Biotte makes the usually fastidious Cornelius place two nose plugs in his nostrils to prevent being affected by the wonder-scent, then he sprays a little on Simone’s throat. then they instruct Lacaille to move towards her a step at a time. Nothing happens and he is puzzled and Simone bored until… suddenly the scent hits him, he whinnies like a stallion, tears all his clothes off and ravishes Simone. It is an instructive display. Biotte goes up to the copulating couple and threatens Lacaille with a revolver, he ignores him. Biotte fires the revolver right over Lacaille’s head, he ignores him.

Wow. The scent really takes complete animal possession of a man. They wonder what to call it. Cornelius suggests Bitch.

So far Biotte has only manufactured 10cc of the stuff. Cornelius insists on being given 1cc for purposes of his own. He takes the carefully sealed phial to a gadget-maker he knows in Paris and asks him to make a tiny container, no bigger than an inch which will contain the scent but also have a tiny timing mechanism and hammer, so that the phial can be set to be punctured and leak its life-changing content. This the gadget-maker does.

But when Cornelius returns to the lab the next morning he discovers that the vixenish assistant Simone had used up the entire supply of scent on herself and sent Biotte into such a frenzy that he had a heart attack and died. And he hadn’t written down the chemical formula or the process for extracting the perfume. Damn!

(All these coincidences and extremities make you realise this story is really a cartoon.)

The special plan Cornelius has is to use the spray on the American president! The current president is (according to him) a particularly loathsome, lying reptile. He plans to get close enough to spray bitch on the nearest woman (while wearing nose plugs) and watch the president turn into a horny animal.

So he flies into New York, checks into a hotel and reads in his paper that the president is due to give a speech to the Daughters of the American Revolution that same evening. Cornelius discovers the head of the Daughters is one Mrs Elvira Ponsonby. He discovers which hotel she is staying in and goes round with a spray of lovely orchids and gets past reception by claiming they’re a gift from the president himself. Concealed among them is the phial of scent and the tiny little timer.

His plan is to pin the flowers onto Mrs Ponsonby’s enormous bosom, then watch as she goes off to sit next to the president, guest of honour at tat evenings dinner. And at 9pm precisely the little clockwork hammer will penetrate the little phial, bitch will spread across Mrs P’s bosom, the president will be transformed into a raging satyr, and ravish her right there and then on the table in front of all the other guests, and a television auience of 20 million. Cornelius cackles with anticipation. He will be ruined. he will be impeached. He will be thrown out in shame and dishonour.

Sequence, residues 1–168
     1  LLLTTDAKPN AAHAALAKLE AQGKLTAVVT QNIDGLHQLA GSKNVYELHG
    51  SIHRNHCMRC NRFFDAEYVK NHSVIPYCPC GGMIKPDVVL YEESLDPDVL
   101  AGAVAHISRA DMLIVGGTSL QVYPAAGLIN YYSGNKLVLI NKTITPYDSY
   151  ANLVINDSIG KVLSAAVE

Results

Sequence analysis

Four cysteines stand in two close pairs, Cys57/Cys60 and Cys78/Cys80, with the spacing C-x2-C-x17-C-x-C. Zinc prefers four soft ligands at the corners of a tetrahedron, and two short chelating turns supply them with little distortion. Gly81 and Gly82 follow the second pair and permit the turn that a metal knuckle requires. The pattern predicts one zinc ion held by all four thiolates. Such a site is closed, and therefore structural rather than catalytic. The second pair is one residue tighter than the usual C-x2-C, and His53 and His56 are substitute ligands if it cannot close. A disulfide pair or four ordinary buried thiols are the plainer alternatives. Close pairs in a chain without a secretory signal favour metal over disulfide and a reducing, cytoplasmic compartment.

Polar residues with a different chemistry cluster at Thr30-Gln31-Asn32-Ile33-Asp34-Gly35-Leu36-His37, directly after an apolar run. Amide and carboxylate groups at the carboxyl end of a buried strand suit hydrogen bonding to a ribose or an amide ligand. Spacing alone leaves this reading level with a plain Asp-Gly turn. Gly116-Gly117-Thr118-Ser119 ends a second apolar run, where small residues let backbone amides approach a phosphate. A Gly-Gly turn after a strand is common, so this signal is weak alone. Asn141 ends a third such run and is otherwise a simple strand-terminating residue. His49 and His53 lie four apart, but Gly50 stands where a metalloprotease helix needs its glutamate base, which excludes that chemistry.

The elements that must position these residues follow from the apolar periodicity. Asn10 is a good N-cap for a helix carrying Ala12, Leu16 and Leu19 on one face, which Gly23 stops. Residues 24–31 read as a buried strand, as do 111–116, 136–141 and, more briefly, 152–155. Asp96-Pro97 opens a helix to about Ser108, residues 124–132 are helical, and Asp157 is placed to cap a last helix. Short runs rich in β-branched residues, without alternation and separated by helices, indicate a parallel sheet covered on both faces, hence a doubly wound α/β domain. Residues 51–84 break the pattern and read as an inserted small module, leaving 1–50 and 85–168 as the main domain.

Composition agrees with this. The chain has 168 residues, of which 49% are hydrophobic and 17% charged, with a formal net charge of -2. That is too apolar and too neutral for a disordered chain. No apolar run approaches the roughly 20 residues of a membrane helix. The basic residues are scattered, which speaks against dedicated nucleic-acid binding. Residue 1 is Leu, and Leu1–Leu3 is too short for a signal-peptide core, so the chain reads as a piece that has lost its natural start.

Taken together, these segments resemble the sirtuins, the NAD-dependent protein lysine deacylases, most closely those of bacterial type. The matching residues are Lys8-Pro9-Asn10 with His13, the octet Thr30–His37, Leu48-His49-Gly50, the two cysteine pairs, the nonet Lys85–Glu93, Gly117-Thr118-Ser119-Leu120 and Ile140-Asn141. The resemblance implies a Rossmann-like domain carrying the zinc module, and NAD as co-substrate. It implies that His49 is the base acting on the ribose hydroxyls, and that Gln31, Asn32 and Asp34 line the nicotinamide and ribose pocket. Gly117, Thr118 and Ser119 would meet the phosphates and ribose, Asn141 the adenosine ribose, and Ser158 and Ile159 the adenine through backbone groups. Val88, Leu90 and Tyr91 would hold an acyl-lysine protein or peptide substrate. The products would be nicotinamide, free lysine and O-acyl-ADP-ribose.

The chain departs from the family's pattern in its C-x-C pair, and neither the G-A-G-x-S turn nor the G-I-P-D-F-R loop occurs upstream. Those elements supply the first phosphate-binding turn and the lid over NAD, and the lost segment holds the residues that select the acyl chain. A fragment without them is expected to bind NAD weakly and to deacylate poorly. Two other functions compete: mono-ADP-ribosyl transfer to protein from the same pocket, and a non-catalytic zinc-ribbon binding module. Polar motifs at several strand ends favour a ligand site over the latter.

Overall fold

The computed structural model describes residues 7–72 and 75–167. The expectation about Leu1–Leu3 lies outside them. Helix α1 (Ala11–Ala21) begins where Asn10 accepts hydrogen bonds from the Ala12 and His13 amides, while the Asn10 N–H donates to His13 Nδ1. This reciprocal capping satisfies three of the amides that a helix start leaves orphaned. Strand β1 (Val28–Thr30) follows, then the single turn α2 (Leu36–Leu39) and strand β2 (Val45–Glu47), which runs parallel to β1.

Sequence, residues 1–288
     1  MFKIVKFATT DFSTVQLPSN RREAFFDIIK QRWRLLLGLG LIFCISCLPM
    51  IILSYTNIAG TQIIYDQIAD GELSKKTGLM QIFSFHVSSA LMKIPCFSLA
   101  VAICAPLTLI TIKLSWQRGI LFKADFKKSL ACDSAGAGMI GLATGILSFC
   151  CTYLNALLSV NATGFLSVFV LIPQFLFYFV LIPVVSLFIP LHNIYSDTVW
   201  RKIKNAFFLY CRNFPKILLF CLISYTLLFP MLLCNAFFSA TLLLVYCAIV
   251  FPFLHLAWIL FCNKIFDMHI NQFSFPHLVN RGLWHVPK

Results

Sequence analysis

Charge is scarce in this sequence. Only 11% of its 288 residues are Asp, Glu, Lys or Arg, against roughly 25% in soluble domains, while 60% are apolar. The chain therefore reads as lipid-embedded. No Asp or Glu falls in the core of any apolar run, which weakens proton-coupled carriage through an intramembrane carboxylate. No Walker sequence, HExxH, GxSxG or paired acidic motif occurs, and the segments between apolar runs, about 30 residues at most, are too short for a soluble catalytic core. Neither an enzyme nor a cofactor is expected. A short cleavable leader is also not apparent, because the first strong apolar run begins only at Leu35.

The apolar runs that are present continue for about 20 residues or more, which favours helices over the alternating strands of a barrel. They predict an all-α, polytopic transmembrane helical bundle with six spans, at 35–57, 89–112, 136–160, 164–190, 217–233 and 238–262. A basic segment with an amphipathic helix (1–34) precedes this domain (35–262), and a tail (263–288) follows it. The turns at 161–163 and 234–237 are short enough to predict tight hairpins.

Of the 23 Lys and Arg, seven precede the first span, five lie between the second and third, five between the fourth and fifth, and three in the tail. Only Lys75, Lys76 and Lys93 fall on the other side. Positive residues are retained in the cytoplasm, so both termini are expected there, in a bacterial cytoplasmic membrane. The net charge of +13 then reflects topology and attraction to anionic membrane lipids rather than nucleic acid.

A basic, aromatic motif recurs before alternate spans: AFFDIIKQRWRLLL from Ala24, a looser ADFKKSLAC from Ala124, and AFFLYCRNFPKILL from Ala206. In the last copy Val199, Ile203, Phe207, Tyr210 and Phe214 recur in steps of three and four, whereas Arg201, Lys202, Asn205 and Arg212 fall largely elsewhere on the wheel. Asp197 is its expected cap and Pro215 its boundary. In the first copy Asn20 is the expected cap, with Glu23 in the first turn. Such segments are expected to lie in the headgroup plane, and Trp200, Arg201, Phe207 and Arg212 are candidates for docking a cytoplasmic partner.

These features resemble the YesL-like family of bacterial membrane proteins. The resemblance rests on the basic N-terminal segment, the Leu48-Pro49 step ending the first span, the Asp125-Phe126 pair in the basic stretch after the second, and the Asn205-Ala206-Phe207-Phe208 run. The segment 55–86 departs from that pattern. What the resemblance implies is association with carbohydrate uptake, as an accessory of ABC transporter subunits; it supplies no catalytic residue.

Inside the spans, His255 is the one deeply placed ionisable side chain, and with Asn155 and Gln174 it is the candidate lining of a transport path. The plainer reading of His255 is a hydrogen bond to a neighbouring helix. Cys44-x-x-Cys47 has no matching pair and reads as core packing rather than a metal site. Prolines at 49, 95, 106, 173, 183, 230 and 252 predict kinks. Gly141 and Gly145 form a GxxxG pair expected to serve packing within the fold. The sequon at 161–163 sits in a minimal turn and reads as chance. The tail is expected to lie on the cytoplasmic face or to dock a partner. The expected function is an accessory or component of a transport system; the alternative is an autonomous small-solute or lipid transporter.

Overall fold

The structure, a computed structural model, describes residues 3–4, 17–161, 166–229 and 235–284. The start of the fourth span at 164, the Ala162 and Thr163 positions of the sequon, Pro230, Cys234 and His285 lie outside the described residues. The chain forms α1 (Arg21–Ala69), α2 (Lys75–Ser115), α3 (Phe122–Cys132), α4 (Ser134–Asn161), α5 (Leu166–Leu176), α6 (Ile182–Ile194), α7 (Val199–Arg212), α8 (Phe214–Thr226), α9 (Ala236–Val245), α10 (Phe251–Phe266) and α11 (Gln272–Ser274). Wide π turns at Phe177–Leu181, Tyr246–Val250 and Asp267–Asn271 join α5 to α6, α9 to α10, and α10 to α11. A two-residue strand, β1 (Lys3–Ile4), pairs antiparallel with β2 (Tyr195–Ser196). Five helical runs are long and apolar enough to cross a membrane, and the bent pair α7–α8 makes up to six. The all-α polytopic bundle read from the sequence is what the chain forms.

Mrs Ponsonby answers the door to her room and, after some initial doubt, is persuaded that Cornelius is a courier bringing flowers from the president himself. Unfortunately, she is not only a very large lady, but very clumsy, and as she tries to force a pin through the stems of the flowers to attach them to her dress, the penetrates the phial, the precious drops of bitch leak out and… Dahl gives us an extraordinary description of how Cornelius feels, it is as if his entire body shrinks as his penis becomes bigger and more erect until he is nothing but penis with which he transfixes Mrs Ponsonby and they fly up into the sky, through exploding stars etc, in a sort of X-rate Disney animation.

What seems like hours later, he comes back to himself, finding himself stark naked in a hotel room which looks like it has been trampled by elephants, and, as he sheepishly finds his clothes and gets dressed, he hears a woman’s voice emanating from behind an upturned table in the corner of the room, ‘I don’t know who you are, young man, but you’ve certainly done me a power of good!’

Thoughts

The stories certainly reveal in graphic detail the thoughts of the kind of Playboy-reading male chauvinist pig which feminists have spent fifty years hunting to extinction. Nobody nowadays could write such frank assessments of women solely in terms of their fuckability as the narrators of three of these stories do.

But then, the obvious feature of the first two and fourth stories is that the male chauvinist pig gets his comeuppance: in the final one Biotte dies and Cornelius’s plans collapse into fat-bottomed farce.

The exception is The Last Act which swings in and out of sexist territory, skirts along the borderline. But I found his portrayal of a woman destroyed by grief, redeemed by finding a tough demanding job to do, and then undone on a disastrous date with a high school boyfriend, contained surprising depths and acuities.

Uncle Cornelius is a monstrous cartoon caricature and I want to read much more about his outrageous escapades and absurd pratfalls (apparently, there is a short novel about him). But it is the messy, modern story of the widow Anna Cooper which sticks in my memory.


Related links